“Twenty years from now you will be more disappointed by the things that you didn’t do than by the ones you did do. So throw off the bowlines. Sail away from the safe harbor. Catch the trade winds in your sails. Explore. Dream. Discover.”
-H. Jackson Brown Jr
Jimmy Fallon and along with barbershop quartet decides to performs the R. Kelly classic Ignition (Remix).
After morning practice, after the media session, LeBron James went to the locker room and iced, then got pulled for a random piss test, so now he’s late, which he does not like being. Also, he’s tired. There’s a chef here at the warehouse, where Tupac and Snoop and Jay Z keep the rhythm, and hot lights shine over racks of clothes and shoes to put on, which he loves—he loves this shit—fashion is his candy, just ask Randy, to whom he has handed his phone to take photos. He wants pictures of himself in the outfits, maybe to tweet, which he also loves. But he’s tired, that’s the thing. Sluggish. And so right in the middle of a sentence about chicken and hot sauce, which the chef just handed him, he switches gears, and his eyes pop wide, and his mouth goes rubbery, and, enunciating perfectly, he booms: You might be deep in this game, but you got the rules missin / Niggaz be actin like they savage, they out to get the cabbage / I got nuthin but love, for my niggaz livin lavish.
People seem used to it. None of his handlers give pause. But it does seem a little…dissociative.
Motherfuck the rest, two of the best from the west side / And I can make you famous / Niggaz been dyin for years, so how could they blame us?
He loves to sing. He refuses to have anything to do with coffee. Singing is his coffee. Rejuvenated, he dances in the outfits for the camera, clowns like he always did back in high school, gets every bored person here happy.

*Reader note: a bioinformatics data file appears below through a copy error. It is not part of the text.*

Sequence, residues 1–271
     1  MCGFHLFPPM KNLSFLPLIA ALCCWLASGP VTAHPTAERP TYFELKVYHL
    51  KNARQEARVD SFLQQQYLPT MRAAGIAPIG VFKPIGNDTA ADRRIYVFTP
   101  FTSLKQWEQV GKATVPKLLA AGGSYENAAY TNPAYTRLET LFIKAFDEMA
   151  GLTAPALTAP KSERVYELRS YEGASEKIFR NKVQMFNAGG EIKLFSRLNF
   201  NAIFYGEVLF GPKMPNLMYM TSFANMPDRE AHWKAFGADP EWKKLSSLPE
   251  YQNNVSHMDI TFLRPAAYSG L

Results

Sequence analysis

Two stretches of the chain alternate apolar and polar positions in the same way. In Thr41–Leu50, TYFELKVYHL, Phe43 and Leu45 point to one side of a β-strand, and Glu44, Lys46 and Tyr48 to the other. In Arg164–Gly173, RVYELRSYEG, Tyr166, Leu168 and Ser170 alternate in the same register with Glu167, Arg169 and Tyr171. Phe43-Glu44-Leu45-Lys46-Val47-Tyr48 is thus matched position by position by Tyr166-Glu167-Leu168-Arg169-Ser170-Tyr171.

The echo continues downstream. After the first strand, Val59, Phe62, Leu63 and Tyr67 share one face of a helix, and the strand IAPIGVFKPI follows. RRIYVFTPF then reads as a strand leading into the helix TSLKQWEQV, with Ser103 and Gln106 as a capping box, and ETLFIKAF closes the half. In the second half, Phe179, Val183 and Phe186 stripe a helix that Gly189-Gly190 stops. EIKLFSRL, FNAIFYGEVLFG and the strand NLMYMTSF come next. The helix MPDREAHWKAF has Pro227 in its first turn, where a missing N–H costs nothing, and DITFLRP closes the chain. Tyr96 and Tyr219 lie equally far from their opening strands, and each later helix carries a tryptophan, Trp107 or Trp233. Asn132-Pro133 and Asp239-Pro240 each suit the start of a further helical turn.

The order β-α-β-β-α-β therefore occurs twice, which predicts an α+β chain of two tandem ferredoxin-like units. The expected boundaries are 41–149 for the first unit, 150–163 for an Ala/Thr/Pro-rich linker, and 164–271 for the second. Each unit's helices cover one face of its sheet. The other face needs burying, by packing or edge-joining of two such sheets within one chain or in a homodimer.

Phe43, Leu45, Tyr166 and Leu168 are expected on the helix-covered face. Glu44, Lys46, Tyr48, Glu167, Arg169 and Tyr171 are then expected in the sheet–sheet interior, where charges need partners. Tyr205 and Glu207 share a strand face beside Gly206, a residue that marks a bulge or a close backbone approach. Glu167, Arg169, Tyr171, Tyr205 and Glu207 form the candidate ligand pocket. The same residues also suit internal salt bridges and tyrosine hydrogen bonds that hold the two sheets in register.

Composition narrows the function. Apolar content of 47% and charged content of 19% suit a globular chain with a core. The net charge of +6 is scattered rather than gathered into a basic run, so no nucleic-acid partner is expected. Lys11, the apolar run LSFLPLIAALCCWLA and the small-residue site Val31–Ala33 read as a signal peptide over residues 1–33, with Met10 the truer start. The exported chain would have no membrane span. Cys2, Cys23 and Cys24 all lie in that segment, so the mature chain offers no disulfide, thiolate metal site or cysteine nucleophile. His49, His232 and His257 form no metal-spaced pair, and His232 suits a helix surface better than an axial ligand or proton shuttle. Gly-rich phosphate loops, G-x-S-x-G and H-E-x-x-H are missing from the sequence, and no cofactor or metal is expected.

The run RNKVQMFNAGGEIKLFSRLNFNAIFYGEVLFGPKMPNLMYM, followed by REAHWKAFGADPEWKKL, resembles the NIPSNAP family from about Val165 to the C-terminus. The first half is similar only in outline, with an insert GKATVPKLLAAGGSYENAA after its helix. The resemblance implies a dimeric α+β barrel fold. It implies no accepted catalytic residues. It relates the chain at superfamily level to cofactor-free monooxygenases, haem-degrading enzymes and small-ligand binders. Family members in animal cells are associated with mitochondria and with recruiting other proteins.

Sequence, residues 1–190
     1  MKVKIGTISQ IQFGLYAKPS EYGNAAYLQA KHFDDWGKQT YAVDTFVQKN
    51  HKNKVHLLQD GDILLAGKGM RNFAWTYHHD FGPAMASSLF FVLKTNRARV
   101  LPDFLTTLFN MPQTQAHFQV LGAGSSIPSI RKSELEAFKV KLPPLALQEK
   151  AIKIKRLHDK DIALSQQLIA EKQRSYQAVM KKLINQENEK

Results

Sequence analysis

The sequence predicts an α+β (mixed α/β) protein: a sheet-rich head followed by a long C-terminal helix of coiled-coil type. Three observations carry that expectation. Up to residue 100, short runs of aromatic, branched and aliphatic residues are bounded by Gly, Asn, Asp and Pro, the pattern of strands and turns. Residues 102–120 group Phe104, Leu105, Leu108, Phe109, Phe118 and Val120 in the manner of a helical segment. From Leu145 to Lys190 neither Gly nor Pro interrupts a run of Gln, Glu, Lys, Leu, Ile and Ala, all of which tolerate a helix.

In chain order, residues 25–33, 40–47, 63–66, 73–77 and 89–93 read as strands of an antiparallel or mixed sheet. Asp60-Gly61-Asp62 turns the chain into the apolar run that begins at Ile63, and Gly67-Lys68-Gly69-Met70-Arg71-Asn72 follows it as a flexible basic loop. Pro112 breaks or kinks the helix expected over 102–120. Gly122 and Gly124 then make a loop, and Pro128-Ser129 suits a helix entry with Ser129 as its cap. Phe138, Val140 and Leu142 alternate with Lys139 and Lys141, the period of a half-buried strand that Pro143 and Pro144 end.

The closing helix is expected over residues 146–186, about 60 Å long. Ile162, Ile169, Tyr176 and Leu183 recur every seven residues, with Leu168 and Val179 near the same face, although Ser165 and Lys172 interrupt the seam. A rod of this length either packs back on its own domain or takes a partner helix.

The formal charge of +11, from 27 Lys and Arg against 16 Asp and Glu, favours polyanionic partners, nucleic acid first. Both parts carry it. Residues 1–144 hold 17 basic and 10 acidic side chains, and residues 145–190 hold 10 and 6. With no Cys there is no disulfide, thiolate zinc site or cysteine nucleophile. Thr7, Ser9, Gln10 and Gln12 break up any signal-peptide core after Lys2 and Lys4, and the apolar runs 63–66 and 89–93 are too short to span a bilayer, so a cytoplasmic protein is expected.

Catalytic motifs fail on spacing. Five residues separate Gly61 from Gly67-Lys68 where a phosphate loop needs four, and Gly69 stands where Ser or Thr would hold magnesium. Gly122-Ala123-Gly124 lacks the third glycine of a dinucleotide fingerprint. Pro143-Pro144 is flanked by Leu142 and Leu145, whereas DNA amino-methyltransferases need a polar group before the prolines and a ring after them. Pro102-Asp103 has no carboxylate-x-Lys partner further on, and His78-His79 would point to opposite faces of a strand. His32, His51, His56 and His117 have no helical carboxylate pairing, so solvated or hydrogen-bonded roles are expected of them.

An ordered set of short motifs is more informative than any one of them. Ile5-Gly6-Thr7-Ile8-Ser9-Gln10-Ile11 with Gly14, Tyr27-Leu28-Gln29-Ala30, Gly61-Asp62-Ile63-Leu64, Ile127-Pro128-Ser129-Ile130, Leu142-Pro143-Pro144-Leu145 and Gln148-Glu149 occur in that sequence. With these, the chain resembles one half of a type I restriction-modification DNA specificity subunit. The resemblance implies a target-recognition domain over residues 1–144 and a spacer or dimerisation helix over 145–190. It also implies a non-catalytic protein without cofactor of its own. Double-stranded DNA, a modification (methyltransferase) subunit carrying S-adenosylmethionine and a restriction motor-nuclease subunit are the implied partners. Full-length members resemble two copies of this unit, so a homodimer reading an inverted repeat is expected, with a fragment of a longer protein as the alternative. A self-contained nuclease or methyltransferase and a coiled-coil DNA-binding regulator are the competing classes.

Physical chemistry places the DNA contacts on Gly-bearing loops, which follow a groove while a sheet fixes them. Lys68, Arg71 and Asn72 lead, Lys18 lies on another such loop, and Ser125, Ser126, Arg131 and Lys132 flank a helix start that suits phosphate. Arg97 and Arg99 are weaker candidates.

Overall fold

He would like to be an actor. A comedy actor. He’s shooting his first movie, Ballers, with Kevin Hart. The other thing he would like is to play in the NFL. “Some days I want to be a singer. But my voice? Then the next day I want to be Picasso.” He would like to be a billionaire. “If it happens. It’s my biggest milestone. Obviously. I want to maximize my business. And if I happen to get it, if I happen to be a billion-dollar athlete, ho. Hip hip hooray! Oh, my God, I’m gonna be excited.”
I’m tight grill when my situation ain’t improvin / I’m tryin to murder everything movin.
He’s ten years into this insane career. Probably ten more to go with the NBA, he figures. So it’s about halftime. It’s something to think about. “My drive to be the greatest basketball player ever is very high.” Everything right now is fantastic. A Miami mansion, a beautiful wife and two sons. Cars. More money than any other American athlete besides Floyd Mayweather, God love him. Sportswriters are having orgasms: The King is going for a three-peat with the Miami Heat, he has won four of the past five NBA MVP awards, his right arm is as fast as a helicopter blade, and he could notch a triple-double every night if he wanted.
DON’T MISS THIS
Controlled exceptionalism, the most gifted ever? The game seems so easy he’s left challenging only his own efficiency. They say he’s Michael Jordan for a new generation. Or maybe they’ll say Michael Jordan was the LeBron James of his generation, same difference, history will not bother splitting hairs. “Dr. J couldn’t do what he does. Magic couldn’t do what he does,” says Heat president Pat Riley.
Being excellent at absolutely everything like this, it carries responsibility. Off the court, on the court, it weighs on him. All those people wanting more points out of him. They pay to see a superhero, and the superhero should shoot the ball, create lanes into which he can explode into everlasting glory, like Baryshnikov performing consecutive grands jetès, like Pavarotti achieving nine effortless high C’s in one aria. (Seventeen curtain calls for that one.) People who pay to see history being made expect history to be made.